I also realized this idea relates to photography as well. I was fortunate to grow up in the film era, and in a time before the Internet and social media. There really weren’t many ways of showing off our work. And we never began to show our work, even to friends or mentors, before we had spent months on the projects. And in some cases years on the projects. There was no need for constant affirmation. No need for meaningless pats on the back from unskilled, untrained people who might be providing that pat on the back for a variety of reasons, some nefarious.
What we were after was confidence inspired by patience, practice and practical knowledge. We knew good work took time. We knew the only way to get better was to practice and we knew that the only way to get where we wanted to get was to master the practical knowledge required to do so and this knowledge wasn’t about cameras, f-stops or aperture. There was no talk of fame. There was no talk of riches.
We knew confidence was not only the key to working in the field it was also the key to surviving the business of photography. Confident, not cocky. Big difference and one that needs to very, very carefully understood. Confidence was required for gaining access, being told “no,” working with clients and contracts. Confidence was required for asking for legit wages, defending our work, defending our style, defending the time required to do what was needed. And confidence was required for demanding respect from those who were paid to undermine that very thing.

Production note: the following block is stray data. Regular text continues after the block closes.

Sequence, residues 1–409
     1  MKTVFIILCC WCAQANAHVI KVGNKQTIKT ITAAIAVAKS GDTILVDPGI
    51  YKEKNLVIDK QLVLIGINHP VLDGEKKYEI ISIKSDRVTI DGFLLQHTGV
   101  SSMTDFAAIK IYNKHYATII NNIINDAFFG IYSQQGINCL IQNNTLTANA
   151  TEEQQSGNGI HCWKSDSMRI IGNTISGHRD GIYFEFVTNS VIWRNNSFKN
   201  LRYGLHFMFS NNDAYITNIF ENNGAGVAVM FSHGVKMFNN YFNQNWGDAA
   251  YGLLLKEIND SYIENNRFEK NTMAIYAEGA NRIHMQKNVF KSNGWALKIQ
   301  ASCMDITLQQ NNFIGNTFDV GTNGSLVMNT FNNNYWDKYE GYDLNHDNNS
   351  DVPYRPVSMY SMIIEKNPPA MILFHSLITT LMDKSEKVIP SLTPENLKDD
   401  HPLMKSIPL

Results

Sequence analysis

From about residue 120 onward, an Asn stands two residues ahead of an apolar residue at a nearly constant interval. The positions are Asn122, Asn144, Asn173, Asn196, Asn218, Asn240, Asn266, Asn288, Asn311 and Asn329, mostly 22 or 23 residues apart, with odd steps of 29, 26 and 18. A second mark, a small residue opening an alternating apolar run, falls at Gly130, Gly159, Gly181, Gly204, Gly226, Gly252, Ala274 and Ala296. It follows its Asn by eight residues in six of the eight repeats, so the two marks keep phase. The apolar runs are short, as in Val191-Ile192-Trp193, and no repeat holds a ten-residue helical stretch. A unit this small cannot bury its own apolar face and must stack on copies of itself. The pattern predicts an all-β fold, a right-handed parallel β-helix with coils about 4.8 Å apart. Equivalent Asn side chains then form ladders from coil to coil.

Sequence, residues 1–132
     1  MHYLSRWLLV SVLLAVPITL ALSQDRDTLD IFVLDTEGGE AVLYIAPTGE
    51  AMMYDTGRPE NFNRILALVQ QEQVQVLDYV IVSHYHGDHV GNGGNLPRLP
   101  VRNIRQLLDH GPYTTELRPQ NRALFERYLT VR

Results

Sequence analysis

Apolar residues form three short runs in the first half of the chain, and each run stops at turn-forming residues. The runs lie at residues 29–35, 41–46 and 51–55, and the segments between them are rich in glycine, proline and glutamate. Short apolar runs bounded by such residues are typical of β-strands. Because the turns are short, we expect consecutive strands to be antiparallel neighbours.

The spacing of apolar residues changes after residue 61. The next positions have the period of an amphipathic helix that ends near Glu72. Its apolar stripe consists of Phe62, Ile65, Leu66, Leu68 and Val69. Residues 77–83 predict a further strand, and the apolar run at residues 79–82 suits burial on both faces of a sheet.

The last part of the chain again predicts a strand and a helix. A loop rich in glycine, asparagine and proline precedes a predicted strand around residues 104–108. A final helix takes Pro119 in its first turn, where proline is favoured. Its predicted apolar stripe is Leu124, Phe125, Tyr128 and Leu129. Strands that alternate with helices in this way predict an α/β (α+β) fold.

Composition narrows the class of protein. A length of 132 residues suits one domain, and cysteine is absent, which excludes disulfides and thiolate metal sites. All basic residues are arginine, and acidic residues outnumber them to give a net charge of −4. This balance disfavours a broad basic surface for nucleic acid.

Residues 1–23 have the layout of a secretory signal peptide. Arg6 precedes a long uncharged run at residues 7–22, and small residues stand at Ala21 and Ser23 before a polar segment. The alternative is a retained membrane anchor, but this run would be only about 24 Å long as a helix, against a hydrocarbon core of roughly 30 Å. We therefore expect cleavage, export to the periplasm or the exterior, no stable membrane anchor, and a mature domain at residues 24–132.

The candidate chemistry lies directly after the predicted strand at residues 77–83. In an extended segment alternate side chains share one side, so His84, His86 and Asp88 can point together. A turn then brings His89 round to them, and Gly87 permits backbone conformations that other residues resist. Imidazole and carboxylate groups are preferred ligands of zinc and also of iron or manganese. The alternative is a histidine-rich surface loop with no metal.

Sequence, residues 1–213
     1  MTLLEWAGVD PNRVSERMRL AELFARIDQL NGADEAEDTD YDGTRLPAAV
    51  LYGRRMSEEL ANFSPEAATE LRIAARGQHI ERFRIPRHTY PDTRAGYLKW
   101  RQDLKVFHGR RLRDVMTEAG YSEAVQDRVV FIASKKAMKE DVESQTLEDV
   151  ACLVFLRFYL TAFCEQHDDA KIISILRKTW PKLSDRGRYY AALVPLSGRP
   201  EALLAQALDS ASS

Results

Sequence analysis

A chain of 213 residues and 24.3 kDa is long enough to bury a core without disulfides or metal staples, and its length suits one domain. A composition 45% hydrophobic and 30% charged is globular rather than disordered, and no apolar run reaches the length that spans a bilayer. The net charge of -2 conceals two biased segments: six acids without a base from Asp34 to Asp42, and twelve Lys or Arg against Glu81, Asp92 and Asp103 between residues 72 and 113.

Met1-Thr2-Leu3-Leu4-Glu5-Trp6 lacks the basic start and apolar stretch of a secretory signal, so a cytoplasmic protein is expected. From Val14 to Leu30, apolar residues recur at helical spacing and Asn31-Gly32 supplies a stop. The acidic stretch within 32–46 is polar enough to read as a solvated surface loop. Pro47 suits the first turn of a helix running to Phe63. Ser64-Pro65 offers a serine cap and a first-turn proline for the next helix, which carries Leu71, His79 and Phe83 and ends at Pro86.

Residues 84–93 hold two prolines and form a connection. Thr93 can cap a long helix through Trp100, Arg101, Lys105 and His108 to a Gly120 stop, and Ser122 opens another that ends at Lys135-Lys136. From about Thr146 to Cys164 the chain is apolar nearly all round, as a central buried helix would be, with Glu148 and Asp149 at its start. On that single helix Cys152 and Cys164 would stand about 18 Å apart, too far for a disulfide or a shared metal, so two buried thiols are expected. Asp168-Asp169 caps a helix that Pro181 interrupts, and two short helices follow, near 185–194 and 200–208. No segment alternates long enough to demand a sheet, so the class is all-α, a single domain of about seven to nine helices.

We now face a unique time in our history and I’m curious how many humans are now experiencing an unfamiliar power seeping out from somewhere inside. The corruption has been put on display for all to see and now we seeing a growing number of us start to ask “Why did we think our lives were normal?” “Why did we think our culture pre-virus was normal?” And even more dangerously, “Why would we want to go back to that?” The powers that be NEED us to conform. That is why our Commander in Chief tries to incite violence, tries to incite the masses to go back out there and act like things are normal. The SYSTEM needs us. Because now the fragility has been exposed, at least for those who want to see it, even if they don’t want to believe it.